Enchantment and Creed in the Hymns of Ambrose of Milan
Enchantment and Creed in the Hymns of Ambrose of Milan offers the first critical overview of the hymns of Ambrose of Milan in the context of fourth-century doctrinal song and Ambrose's own catechetical preaching. Brian P. Dunkle, SJ, argues that these settings inform the interpretation of Ambrose's hymnodic project. The hymns employ sophisticated poetic techniques to foster a pro-Nicene sensitivity in the bishop's embattled congregation. After a summary presentation of early Christian hymnody, with special attention to Ambrose's Latin predecessors, Dunkle describes the mystagogical function of fourth-century songs. He examines Ambrose's sermons, especially his catechetical and mystagogical works, for preached parallels to this hymnodic effort. Close reading of Ambrose's hymnodic corpus constitutes the bulk of the study. Dunkle corroborates his findings through a treatment of early Ambrosian imitations, especially the poetry of Prudentius. These early readers amplify the hymnodic features that Dunkle identifies as "enchanting," that is, enlightening the "eyes of faith."
What people are saying - Write a review
We haven't found any reviews in the usual places.
Other editions - View all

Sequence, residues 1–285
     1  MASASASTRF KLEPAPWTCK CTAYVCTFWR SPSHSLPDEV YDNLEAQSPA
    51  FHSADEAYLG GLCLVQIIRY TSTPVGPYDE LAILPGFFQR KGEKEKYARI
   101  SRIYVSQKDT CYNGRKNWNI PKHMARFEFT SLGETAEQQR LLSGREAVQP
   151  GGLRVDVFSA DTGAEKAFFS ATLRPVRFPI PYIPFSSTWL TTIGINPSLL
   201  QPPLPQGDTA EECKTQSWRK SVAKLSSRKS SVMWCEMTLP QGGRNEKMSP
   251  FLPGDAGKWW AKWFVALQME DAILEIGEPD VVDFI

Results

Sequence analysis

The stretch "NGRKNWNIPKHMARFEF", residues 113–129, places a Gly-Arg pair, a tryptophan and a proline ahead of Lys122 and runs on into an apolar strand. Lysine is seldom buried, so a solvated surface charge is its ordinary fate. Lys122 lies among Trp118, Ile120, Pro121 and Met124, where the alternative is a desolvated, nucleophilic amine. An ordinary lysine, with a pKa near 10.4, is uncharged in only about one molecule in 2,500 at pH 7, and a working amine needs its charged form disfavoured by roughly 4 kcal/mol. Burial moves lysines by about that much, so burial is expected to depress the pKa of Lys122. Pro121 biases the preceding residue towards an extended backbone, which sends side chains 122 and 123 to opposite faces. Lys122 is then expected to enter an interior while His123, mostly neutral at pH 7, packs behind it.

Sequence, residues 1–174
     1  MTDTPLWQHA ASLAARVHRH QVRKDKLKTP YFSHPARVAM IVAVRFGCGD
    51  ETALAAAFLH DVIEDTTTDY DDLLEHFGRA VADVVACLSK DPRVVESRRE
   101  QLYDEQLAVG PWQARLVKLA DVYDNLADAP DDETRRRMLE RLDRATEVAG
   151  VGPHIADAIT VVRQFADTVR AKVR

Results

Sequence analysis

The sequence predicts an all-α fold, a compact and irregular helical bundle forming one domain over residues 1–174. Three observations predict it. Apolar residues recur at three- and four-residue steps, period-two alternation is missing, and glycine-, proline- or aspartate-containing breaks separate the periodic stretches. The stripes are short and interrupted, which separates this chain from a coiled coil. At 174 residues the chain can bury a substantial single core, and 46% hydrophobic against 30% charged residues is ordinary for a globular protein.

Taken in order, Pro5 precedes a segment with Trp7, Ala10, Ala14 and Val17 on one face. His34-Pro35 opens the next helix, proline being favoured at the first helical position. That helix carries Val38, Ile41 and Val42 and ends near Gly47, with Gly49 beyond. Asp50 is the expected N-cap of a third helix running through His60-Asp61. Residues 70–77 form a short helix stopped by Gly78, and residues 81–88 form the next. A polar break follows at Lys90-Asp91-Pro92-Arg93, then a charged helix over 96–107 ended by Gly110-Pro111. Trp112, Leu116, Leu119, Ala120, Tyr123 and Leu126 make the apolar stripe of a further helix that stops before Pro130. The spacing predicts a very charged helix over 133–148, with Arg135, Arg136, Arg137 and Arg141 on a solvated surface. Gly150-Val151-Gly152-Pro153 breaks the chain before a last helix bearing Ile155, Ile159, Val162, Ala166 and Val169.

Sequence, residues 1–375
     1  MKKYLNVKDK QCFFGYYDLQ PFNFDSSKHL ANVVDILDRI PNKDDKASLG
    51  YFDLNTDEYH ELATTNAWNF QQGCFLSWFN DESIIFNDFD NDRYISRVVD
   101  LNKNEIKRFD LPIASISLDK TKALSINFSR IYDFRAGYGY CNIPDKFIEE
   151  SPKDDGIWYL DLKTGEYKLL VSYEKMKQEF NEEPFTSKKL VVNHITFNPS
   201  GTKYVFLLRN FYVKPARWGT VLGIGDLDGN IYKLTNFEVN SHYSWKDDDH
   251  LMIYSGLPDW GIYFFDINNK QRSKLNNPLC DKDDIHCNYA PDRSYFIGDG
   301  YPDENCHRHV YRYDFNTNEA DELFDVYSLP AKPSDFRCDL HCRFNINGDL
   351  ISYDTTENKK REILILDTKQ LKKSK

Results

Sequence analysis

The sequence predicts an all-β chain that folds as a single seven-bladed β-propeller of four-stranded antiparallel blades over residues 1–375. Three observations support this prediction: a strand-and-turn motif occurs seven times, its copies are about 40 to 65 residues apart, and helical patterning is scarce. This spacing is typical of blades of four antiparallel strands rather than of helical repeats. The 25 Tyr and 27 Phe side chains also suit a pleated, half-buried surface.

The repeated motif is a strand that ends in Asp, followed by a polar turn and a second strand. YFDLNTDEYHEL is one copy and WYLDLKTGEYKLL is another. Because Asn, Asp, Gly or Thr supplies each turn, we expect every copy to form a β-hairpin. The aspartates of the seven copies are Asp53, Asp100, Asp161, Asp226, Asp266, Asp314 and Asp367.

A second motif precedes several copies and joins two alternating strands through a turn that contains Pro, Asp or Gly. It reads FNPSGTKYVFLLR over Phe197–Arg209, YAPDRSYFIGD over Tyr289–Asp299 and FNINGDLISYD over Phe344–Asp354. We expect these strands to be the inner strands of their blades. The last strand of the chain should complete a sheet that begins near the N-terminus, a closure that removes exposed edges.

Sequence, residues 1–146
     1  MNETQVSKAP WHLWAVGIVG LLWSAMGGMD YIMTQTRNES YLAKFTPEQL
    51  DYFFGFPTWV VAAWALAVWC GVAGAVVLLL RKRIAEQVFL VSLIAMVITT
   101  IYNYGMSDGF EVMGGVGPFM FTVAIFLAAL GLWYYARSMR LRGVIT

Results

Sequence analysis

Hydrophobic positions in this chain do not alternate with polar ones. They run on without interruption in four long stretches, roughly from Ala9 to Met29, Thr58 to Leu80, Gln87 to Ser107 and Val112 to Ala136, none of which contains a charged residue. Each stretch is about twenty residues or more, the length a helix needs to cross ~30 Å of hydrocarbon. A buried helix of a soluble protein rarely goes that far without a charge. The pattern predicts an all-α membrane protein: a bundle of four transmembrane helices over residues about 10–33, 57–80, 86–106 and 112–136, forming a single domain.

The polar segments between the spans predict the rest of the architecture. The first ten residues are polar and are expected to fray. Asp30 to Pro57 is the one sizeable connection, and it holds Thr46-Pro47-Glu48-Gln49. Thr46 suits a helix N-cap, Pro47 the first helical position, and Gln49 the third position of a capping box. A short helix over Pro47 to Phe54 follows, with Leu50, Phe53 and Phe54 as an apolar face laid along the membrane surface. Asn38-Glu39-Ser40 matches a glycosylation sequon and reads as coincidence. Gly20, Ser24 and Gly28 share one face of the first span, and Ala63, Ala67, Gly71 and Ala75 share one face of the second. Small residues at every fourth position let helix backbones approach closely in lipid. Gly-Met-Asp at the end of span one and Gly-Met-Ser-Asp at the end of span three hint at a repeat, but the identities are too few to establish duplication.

Aeterna Christi Aeterne Rerum Agnes Ambrogio Ambrose of Milan Ambrose’s hymns Ambrosian Ambrosius von Mailand Apostolorum appears argue Arian audience Augustine Augustine’s authenticity baptism biblical bishop Boeft catechesis catechetical Cathemerinon celebration Charlet Christ Christological church classical composed congregation congregation’s corpus CSEL divine doctrinal dominical feasts Early Christian ecclesia emphasizes Ephrem Ephrem the Syrian especially faith Father fides final stanza fourth century Franz Giuseppe Lazzati Gregory of Nazianzus Hilary’s Holy Homoian hymn’s hymnody Iam Surgit identified Illuminans Intende qui regis Jacques Fontaine Lanéry language Latin Lawrence Lawrence’s little hours liturgical martyrs Milanese Moreover mystagogical Mysterium Mirabile mystical reading Nauroy Nicene original pagan parallels particular Peter poem poetic Poetry proNicene Protasius and Gervasius Prudentius Prudentius’s Psal Psalms Rector Potens reference regis Israel repetition Roman Rome sacramental Sant’Ambrogio scholars Scripture Sedulius sermons singing song Splendor Paternae stanza suggests sung Tageslauf und Heilsgeschichte themes theological verse Zerfass